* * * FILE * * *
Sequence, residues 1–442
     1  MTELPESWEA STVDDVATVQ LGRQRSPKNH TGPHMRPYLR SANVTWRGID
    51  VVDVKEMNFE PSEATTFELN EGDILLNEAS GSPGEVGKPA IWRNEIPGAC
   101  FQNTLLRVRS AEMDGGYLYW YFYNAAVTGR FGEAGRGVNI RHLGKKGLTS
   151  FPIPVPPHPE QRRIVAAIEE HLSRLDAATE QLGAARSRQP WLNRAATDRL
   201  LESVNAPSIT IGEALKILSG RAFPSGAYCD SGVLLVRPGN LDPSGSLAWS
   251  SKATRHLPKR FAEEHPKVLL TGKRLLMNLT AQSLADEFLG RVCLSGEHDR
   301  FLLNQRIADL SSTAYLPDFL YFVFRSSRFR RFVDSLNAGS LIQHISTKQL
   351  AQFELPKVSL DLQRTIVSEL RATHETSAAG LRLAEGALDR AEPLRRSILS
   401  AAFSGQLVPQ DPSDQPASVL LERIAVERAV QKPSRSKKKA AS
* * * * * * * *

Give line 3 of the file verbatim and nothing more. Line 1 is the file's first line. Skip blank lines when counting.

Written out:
    51  VVDVKEMNFE PSEATTFELN EGDILLNEAS GSPGEVGKPA IWRNEIPGAC